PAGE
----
Alabama-Huntsville suspends hockey operations for 2021-22

Continuity has not come easily to the University of Alabama-Huntsville hockey program in recent years. UAH had announced prior to the 2020-21 season that they were cutting hockey, but the program was saved by a group of donors led by NHL alumnus Cam Talbot. The drive raised enough money to continue operations for another season, but the school later voiced its support for continuing the program for years to come. Yet, just a year later the same news has come back around. The university has announced that they are suspending operations, effective immediately.

This time, Alabama-Huntsville is citing their lack of a conference as the reason behind discontinuing hockey. The 2020-21 season marked the end of the WCHA, with the seven of the geographically-linked programs breaking off to form the the new CCHA, leaving UAH, Alaska-Anchorage, and Alaska-Fairbanks as currently unassociated with any conference. Alabama-Huntsville formally applied to join the CCHA, but were denied membership. The school has also applied to join Atlantic Hockey, but is still awaiting a response. Until they are accepted into a new conference though, the team will keep all hockey operations suspended.

There has to be more to this story than just conference membership, however. Alaska-Fairbanks seems content to move forward as an independent and Alaska-Anchorage is currently trying to raise funds in order to do the same. Arizona State obviously stands out as the top independent team in the country, a program that was formed without any expectation of conference membership but has already risen to national relevance. Long Island University followed that same path with their entry into Division I hockey last year and Lindenwood University will do the same in 2022-23. Independent hockey is sustainable in the NCAA, but Alabama-Huntsville has cited it as the sole reason for discontinuing their program.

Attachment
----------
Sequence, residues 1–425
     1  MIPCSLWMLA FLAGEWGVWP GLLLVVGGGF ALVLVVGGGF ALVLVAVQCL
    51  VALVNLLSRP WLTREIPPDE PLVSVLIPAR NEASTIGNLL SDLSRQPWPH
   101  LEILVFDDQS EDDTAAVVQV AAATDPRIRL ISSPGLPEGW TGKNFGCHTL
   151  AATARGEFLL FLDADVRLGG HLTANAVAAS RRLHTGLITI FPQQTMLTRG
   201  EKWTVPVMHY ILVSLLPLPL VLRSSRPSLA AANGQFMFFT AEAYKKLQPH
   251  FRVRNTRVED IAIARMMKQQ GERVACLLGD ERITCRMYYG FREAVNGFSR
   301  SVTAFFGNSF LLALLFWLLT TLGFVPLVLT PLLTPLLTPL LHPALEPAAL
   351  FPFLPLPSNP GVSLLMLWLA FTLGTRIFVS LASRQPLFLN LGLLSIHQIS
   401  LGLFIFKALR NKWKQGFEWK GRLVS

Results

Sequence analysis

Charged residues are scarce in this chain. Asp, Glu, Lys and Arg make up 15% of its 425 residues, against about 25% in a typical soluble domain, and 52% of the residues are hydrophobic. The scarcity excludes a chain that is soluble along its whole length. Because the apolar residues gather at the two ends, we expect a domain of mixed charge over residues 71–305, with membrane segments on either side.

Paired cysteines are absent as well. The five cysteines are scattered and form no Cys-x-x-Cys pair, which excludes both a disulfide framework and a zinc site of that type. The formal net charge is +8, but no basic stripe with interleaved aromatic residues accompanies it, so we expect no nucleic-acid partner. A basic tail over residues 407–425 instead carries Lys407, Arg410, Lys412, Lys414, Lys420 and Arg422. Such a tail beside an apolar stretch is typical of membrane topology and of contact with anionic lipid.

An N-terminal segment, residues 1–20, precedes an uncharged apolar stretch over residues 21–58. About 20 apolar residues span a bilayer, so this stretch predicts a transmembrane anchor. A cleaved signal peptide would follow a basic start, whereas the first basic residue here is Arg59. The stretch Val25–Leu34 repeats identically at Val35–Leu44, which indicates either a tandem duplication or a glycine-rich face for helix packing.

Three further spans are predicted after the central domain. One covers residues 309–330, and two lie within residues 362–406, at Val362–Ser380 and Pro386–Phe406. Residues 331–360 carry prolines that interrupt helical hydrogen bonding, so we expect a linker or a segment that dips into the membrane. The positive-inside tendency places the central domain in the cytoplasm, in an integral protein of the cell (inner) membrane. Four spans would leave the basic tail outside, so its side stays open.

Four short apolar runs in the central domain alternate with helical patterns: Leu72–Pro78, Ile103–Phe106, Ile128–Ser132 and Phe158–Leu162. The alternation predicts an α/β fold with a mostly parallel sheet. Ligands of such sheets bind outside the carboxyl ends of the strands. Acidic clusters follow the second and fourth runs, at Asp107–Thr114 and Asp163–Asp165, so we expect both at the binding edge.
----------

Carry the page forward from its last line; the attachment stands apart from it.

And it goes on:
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The prevailing belief is that the Chargers will be back up and running as soon as they are accepted into a new conference, which could be sooner rather than later with their Atlantic application still pending. This would assume that the decision is entirely motivated by their hesitancy to operate as an independent, so only time will tell if this theory proves to be true. In the meantime, Alabama-Huntsville will endure a repeat of last off-season, when many of their players and recruits (as well as much of their coaching staff) departed when the university cut funding. While UAH may not have any NHL prospects right now, they still stand to lose their top players. Starting goaltender David Fesseden has already committed to transfer to New Hampshire and top scorers Tyrone Bronte and Bauer Neudecker could follow him out the door. Regardless of how this works out in the long-term, the immediate future is bleak for Alabama-Huntsville hockey and concerns over university support will be lasting for years to come.

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